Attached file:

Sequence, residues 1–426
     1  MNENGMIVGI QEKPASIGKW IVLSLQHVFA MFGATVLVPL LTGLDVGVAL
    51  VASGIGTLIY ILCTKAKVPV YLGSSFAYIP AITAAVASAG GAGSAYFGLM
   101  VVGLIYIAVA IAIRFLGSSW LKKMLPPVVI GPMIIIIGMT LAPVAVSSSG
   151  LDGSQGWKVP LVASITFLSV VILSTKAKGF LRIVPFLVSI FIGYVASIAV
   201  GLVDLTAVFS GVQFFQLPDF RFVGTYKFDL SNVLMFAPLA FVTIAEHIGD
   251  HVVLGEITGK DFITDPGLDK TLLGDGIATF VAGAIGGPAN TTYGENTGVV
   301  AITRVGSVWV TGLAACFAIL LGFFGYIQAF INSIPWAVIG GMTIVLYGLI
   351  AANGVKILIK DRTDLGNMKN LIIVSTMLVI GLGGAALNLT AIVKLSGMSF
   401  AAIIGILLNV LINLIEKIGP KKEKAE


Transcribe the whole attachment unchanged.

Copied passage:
Sequence, residues 1–426
     1  MNENGMIVGI QEKPASIGKW IVLSLQHVFA MFGATVLVPL LTGLDVGVAL
    51  VASGIGTLIY ILCTKAKVPV YLGSSFAYIP AITAAVASAG GAGSAYFGLM
   101  VVGLIYIAVA IAIRFLGSSW LKKMLPPVVI GPMIIIIGMT LAPVAVSSSG
   151  LDGSQGWKVP LVASITFLSV VILSTKAKGF LRIVPFLVSI FIGYVASIAV
   201  GLVDLTAVFS GVQFFQLPDF RFVGTYKFDL SNVLMFAPLA FVTIAEHIGD
   251  HVVLGEITGK DFITDPGLDK TLLGDGIATF VAGAIGGPAN TTYGENTGVV
   301  AITRVGSVWV TGLAACFAIL LGFFGYIQAF INSIPWAVIG GMTIVLYGLI
   351  AANGVKILIK DRTDLGNMKN LIIVSTMLVI GLGGAALNLT AIVKLSGMSF
   401  AAIIGILLNV LINLIEKIGP KKEKAE